Rwandan companies are experiencing thin margins following the establishment of the East African Community (EAC) common market, which calls for free movement of goods, labour, services and capital within the region.
While the move aims at boosting trade and making the region productive through increased investments, local manufacturers are struggling with high transport costs of both imported raw materials and exported finished goods.
Established on July 1, 2010, the common market aims at emphasising pro-market, pro-private sector and pro-liberalization economic policies.
Rwanda is still a net importer of raw materials which makes its final products expensive and thus reducing their competitiveness on the export market.
Local industries are at a relatively nascent stage and analysts have suggested that opening up the local market has exposed them to tight competition from large firms within the region.
“Some local factories are likely to close due to other products from Uganda, Kenya and Tanzania,” François Munyentwari, the Country Director, Accord International Rwanda observed.
He noted that there is hardly any Rwandan company and labour going to these countries yet many products, companies and labour move to Rwanda.
But there is yet another bottleneck that pulls back Rwanda from equal sharing of the now larger market of over 120 million people.
While the country is considered to be transparent and strives hard to implement the integration, other countries have failed to put what was agreed on paper into action.
“Rwanda is transparent but when we go to the other side of Uganda and Kenya what they actually talk is different,” Rama Kant Pandey, the General Manager of Inyange Industries, told Business Times in an interview.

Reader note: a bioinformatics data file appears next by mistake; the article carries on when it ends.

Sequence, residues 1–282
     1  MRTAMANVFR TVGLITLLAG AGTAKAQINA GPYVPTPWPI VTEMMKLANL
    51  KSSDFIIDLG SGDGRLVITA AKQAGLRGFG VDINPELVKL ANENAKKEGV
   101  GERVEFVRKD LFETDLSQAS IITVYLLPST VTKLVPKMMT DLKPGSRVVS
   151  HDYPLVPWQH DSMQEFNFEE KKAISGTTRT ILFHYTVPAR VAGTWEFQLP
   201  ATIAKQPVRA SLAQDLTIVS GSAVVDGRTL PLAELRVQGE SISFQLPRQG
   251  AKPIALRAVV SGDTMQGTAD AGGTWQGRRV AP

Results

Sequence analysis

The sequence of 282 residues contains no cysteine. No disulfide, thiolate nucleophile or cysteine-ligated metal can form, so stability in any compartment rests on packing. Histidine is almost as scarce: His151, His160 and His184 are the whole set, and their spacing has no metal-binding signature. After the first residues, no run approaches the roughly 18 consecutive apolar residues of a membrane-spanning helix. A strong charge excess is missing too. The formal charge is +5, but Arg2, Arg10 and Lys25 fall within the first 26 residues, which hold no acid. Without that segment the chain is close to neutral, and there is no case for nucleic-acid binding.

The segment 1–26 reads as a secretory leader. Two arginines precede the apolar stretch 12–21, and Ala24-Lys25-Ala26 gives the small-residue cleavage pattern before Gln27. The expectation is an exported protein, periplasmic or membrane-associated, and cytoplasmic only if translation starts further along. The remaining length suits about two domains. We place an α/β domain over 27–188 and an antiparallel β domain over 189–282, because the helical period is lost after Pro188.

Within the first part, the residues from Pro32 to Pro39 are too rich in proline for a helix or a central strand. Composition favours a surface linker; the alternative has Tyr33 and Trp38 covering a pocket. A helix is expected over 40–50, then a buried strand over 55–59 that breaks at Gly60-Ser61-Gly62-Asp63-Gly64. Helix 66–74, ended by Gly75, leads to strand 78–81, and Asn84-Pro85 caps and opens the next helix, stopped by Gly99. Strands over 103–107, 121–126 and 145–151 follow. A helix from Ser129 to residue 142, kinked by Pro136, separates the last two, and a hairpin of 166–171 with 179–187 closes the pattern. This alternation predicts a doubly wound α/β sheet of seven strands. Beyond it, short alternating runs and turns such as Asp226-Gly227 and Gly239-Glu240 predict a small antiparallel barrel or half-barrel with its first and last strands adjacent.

Experts say the level of readiness for the EAC common market in Uganda and Kenya is still dreary.
The countries are struggling with national identification for citizens’ issuance of certificates of origin, harmonisation of tax and increasing presence of non-tariff barriers.
“We have to research where there are issues and see whether there is a comparative advantage,” Munyentwari said, adding that to achieve common market in totality, policies must be harmonised across the borders.
Transport dealers are not left in this whole ordeal as they go through a hassle of pleasing corrupt officials and delays in clearing products. Clearing products on the Rwandan side is done in a tickle of a clock yet it takes hours and bureaucracy in other member states.
But still to mention is that Rwanda has benefited from the regional market.
Robert Ssali, the Permanent Secretary in the Ministry of East African Affairs said: “There are numerous gains for us, as Rwanda, from the Common Market and that is why we decided to join the Community.”
“The ball is in our hands to see how we fully benefit in the Community.”
Rwanda’s export receipts increased to US$45m in January and February in 2011, compared to US$31m in the same period, last year, with an increase of 18.9 tonnes in value from 14.8 tonnes.